Imaginary baseball and other ways we don’t quite fit in.
When my son was two or three, some of the games that he played were easier to make sense of — like imaginary baseball.
We go to a park where a little league plays, and he’s always been intrigued though a bit aloof. At first he just ran around like any toddler, and was much more interested in doing his own thing than actually watching any games.
When the big kids were done, he would run out onto the diamond and pretend to throw a ball around and circle the bases. I thought he was practicing, going through the motions he might use for real if he joined the league some day.
Anything is possible, I guess, but this year he’s nearly six — old enough to try out, but the routine is pretty much the same: steer clear of the game until it’s over, then run out onto the dirt and pull out an imaginary ball.
He’s wary of meeting new kids, but it seems like more than just shyness. Sometimes he chases the uniformed boys around, making zombie noises or, on a good day, trying to to think of ways to engage them in conversation. “What’s your name? How old are you?” Maybe, “Do you want to play tag with me?”
Usually this doesn’t work for reasons I can’t quite fathom from the sidelines, and it’s always a little heartbreaking.
His desire to be one of the kids doing kid stuff together is palpable. Most of the time, he has no idea why it isn’t working out, and to be honest, neither do I.
I’ve always been kind of weird myself.
When I mention this to people, they tend to say either Me too or What do you mean, weird? Weird is hard to explain if it’s not something you can’t stop feeling, and I always worry that I’m being dramatic when I try. One thing I can say is that I probably have Asperger’s syndrome, or maybe a bunch of related traits that might or might not be easy to describe if I had any idea what the right labels were.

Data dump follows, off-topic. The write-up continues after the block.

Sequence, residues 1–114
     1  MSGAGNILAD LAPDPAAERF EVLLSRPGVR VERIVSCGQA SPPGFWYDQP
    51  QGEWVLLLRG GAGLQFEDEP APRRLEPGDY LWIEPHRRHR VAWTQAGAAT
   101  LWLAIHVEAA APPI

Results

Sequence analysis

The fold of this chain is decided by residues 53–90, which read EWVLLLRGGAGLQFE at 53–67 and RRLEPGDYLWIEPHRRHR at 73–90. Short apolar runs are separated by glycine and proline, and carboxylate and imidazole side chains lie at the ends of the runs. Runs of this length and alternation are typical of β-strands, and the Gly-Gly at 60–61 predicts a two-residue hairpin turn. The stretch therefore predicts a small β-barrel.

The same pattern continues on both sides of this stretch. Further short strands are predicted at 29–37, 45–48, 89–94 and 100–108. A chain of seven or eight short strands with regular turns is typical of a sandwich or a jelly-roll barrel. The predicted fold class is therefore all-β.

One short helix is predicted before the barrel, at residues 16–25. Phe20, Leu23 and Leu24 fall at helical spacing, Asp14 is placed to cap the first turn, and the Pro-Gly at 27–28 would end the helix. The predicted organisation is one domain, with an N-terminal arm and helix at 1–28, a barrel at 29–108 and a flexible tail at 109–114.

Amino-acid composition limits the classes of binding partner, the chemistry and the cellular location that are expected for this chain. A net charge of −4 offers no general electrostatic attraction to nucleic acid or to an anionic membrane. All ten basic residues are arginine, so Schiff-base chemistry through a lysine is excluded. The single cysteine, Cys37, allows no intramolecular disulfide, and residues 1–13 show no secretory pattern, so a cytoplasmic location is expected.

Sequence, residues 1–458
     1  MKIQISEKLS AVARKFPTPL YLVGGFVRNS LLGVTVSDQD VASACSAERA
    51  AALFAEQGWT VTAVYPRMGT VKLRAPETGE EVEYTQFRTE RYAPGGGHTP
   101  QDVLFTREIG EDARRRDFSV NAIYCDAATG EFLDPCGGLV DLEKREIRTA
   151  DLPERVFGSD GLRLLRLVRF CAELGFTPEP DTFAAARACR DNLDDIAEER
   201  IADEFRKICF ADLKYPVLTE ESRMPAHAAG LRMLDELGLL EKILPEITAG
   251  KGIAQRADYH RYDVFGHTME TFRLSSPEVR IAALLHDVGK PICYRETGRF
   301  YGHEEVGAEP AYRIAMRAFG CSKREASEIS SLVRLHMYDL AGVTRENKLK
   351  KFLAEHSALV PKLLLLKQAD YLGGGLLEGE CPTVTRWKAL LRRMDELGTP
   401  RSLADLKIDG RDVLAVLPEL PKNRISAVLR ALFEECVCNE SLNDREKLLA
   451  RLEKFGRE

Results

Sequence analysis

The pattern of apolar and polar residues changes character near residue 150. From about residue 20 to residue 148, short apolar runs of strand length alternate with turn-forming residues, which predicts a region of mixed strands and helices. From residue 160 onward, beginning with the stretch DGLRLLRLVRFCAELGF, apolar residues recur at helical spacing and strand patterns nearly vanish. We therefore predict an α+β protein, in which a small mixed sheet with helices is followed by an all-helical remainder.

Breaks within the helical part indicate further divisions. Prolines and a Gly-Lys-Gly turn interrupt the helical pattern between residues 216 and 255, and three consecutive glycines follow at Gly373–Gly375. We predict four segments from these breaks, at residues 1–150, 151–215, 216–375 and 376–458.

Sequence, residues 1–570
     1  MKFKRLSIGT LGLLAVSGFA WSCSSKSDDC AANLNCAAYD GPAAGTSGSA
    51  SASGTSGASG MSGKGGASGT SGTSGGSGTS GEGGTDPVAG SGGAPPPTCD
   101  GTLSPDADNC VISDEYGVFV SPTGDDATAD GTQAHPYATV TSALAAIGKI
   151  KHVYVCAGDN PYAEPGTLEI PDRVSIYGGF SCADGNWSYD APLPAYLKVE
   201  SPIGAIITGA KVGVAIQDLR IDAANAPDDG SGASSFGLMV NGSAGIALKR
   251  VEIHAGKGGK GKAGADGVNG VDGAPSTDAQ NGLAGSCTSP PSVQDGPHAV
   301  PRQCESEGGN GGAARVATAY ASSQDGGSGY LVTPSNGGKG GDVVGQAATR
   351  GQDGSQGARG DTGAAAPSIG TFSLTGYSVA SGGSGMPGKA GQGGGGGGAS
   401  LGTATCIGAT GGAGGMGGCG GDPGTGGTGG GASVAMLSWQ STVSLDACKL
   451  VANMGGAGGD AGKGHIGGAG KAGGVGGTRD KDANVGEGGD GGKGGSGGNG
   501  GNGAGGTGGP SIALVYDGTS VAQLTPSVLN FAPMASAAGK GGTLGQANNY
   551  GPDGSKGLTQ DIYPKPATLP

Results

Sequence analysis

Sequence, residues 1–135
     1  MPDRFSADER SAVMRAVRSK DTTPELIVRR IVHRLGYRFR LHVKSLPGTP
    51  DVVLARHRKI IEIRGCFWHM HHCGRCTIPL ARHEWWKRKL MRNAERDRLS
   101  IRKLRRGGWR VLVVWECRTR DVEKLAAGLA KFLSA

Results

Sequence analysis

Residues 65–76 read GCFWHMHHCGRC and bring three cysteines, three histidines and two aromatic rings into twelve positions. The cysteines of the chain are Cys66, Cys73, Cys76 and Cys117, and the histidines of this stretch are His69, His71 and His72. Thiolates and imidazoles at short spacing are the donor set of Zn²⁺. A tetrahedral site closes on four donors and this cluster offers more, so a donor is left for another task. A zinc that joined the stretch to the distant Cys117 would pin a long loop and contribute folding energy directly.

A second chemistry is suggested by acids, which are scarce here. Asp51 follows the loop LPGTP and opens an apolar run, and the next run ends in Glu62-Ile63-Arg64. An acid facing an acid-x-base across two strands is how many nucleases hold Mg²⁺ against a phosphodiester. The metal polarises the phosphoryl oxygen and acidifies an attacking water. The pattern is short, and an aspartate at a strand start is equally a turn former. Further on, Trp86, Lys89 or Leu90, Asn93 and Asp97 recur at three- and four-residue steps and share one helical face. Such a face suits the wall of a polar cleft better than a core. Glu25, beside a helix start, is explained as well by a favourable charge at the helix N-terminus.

I wasn’t thinking about any of this when I had kids, though. Somehow in my twenties I had managed to become at least slightly socially competent and met a bunch of other odd folks, which made me feel a lot more normal myself.
Anyway, you can get away with a lot when you’re an artist. I thought maybe everyone was right, and I’d just come out on the other side of an unusually long awkward phase.
Then I met my son, who just now keeps playing imaginary baseball until the summer night party music starts playing.
Then he claps his hands over his ears and wanders off to start drawing birds in the baseball diamond dust. A couple of minutes later, when I’ve turned my back, I realize he’s moved on to rubbing his head in the dirt.
I knew that autism spectrum traits were heritable, and generally a lot of other label-bearing conditions are, too. My son and I aren’t visibly autistic, though, at least to the average observer. We talk and make eye contact (unless we’re in unusually bad moods). We’re just… weird, I guess you could say.
Sometimes he asks me how to start conversations, and I tell him all the things people have been telling me for years. For example, you try to think of something to say that the other person might be interested in. How? I’m sorry, I wish I could help you with that.
Eventually my little guy gets bored with the dusty diamond and wanders over to the playground. I’m distracted, years of confusion stirred up again and bouncing around in my head.
I barely notice when a little girl around his own age wanders over. I do notice, though, that she introduces herself, and that she’s sweet-faced and chubby and maybe just a little too loud.
She does point out that he could use a haircut, but seems to accept the explanation that he likes it long. Minutes later, they’re both running around the playground, laughing and holding hands. What?
For a second I’m not sure if this is my kid, the one who usually only likes hugs if they’re more like running tackles. They play for a solid ten minutes before his new friend has to head home. I’ve seen this girl around, and I’m sure we’ll run into each other again.
I hope so, because she seems like the sort of kid who might be into imaginary baseball.
Before we head home, I have a sudden intense urge to get down and roll around in the dust, myself. Why this? Why me? Why now? There’s no way I can explain this that makes any sense, but actually, it’s very, very grounding.
Laura Gyre is a writer and visual artist who often feels like she has no idea what she’s doing, but tries not to let that feeling get in the way of doing it awesomely. She’s extremely interested in the intersections of daily life, art, spirituality and radical politics, which she blogs about sometimes here. You can see her drawings here.